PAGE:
BJP differs from Dal on nepotism
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- Published 14.09.10
|Manoj Singh (right), who joined the BJP on Monday, addresses the reporters, as Ashwani Chaubey (left) and CP Thakur (centre) look on, in Patna. Picture by Deepak Kumar|
Patna, Sept. 13: When it comes to family politics, the stand of NDA allies BJP and JD (U) in Bihar is like chalk and cheese. Statement of BJP Bihar unit president Dr C.P. Thakur at least suggests so.
“What is wrong in it if the son of a politician enters into politics and aspires for a ticket,” Thakur today told reporters while replying to a query on his son Vivek Thakur, who is reported to be lobbying for a BJP ticket in the Assembly elections.
The junior Thakur had unsuccessfully contested the 2005 Assembly polls on a BJP ticket from Brahmpur.
The view of the BJP chief is completely different from that of the chief minister and JD(U) leader Nitish Kumar.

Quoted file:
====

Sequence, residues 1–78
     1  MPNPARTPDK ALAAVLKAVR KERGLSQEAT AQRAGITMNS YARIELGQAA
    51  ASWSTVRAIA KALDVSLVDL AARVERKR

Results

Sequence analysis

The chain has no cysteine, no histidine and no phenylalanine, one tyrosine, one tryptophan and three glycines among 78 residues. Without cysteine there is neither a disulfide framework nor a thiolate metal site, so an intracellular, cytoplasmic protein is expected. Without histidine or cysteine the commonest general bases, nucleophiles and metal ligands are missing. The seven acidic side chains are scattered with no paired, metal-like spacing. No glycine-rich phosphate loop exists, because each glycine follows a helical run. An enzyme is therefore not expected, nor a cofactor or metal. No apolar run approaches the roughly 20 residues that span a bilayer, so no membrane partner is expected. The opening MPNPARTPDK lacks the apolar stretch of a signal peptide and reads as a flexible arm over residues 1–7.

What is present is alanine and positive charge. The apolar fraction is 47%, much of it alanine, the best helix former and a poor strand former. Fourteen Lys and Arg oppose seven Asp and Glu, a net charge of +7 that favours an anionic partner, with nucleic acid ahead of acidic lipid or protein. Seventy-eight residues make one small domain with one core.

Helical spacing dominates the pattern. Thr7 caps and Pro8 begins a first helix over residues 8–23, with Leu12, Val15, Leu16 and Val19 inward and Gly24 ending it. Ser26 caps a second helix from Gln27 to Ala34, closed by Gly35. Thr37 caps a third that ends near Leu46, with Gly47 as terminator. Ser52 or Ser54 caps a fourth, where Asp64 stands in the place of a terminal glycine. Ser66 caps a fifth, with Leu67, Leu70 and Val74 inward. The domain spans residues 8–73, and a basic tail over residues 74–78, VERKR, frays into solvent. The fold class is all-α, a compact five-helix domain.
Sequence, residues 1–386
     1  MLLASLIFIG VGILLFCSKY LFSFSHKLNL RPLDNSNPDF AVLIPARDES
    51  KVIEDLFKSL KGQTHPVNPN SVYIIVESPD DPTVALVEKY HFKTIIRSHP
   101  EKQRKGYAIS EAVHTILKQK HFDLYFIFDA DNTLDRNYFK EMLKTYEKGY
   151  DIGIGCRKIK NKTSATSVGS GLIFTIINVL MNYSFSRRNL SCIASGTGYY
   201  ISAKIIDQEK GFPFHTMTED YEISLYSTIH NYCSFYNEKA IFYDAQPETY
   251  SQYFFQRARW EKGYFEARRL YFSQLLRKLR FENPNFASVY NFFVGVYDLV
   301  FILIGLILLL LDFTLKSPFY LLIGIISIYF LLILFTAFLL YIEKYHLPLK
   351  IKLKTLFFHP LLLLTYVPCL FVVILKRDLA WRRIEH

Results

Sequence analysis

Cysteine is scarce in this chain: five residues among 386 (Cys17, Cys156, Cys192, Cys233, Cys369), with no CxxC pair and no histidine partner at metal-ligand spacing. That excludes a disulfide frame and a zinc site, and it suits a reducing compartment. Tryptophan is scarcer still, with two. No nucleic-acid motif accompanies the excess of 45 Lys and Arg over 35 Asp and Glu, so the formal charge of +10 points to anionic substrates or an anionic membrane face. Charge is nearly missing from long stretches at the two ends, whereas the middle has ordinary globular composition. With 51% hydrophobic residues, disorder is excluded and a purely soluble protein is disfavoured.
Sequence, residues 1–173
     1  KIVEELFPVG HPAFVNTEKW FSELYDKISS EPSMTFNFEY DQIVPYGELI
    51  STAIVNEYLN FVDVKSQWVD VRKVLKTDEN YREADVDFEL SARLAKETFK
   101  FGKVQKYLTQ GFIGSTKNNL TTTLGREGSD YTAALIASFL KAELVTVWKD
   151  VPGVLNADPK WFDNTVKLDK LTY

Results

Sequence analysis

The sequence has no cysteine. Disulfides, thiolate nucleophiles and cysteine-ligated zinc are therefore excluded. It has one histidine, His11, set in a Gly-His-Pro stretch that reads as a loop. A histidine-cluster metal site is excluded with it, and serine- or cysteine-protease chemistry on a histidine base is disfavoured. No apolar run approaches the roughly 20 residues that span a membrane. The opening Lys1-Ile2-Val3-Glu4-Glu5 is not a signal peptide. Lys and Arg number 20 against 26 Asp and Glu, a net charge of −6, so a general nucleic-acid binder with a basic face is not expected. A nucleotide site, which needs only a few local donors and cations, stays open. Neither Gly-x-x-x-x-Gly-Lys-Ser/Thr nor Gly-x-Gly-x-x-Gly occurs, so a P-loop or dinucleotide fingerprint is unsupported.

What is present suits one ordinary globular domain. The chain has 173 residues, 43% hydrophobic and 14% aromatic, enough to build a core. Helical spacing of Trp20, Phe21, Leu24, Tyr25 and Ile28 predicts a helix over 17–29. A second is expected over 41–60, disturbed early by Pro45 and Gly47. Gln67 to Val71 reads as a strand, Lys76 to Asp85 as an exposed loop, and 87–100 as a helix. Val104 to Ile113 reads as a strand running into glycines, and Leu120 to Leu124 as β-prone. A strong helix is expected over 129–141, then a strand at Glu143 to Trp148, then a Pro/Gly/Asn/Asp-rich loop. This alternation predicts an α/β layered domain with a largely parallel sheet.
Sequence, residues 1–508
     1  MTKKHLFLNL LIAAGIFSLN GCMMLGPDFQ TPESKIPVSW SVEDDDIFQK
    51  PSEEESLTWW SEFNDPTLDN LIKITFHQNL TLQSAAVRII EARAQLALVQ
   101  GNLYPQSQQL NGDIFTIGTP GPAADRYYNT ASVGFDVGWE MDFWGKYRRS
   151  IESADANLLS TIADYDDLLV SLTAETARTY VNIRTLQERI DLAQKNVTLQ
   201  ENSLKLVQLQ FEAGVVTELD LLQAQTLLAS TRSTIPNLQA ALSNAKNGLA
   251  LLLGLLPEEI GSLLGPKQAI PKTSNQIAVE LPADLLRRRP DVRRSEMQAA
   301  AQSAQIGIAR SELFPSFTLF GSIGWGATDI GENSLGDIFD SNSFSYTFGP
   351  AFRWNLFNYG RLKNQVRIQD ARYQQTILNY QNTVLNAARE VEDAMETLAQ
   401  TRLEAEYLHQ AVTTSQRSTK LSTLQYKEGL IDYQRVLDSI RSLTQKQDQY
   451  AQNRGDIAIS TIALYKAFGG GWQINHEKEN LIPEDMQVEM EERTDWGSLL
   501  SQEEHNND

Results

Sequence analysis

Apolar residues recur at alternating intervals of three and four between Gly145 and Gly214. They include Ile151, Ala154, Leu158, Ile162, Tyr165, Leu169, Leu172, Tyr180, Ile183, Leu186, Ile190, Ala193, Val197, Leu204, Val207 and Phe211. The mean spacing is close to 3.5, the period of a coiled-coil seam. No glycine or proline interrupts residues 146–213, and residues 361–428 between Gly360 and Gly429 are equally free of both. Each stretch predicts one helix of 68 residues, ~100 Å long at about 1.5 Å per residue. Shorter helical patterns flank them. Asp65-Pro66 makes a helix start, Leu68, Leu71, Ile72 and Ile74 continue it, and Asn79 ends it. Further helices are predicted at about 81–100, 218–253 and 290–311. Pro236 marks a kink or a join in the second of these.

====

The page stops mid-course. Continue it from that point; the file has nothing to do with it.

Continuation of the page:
Commenting on the reports coming from Delhi that the party has decided to send Narendra Modi for electioneering in Bihar, Thakur said that he had talks with party leader Ravi Shanker Prasad over phone and Prasad denied approval of any such plan.
“The names of the party campaigners would be decided by the central leadership. Whenever the names are finalised we will share the information with the reporters,” the state BJP president said.
The BJP state unit president also made a formal announcement regarding joining of Manoj Singh, a member of Bihar legislative council, in the BJP. “The party will certainly benefit because of the inclusion of Manoj Singh,” Thakur said.
Singh, who belongs to Paratapur village in Siwan district, the native place of jailed RJD leader Mohammed Shahabuddin, started his political career with Shahabuddin only. But he never joined RJD. He had joined BJP two years ago and was expelled from the party in 2009 for extending support to Om Prakash Yadav, an Independent candidate from Siwan, during parliamentary polls. The same year he became an MLC as an Independent can- didate.
Terming his coming back to the BJP fold as homecoming, Singh said: “I was always with the party and never felt away from it despite being expelled.”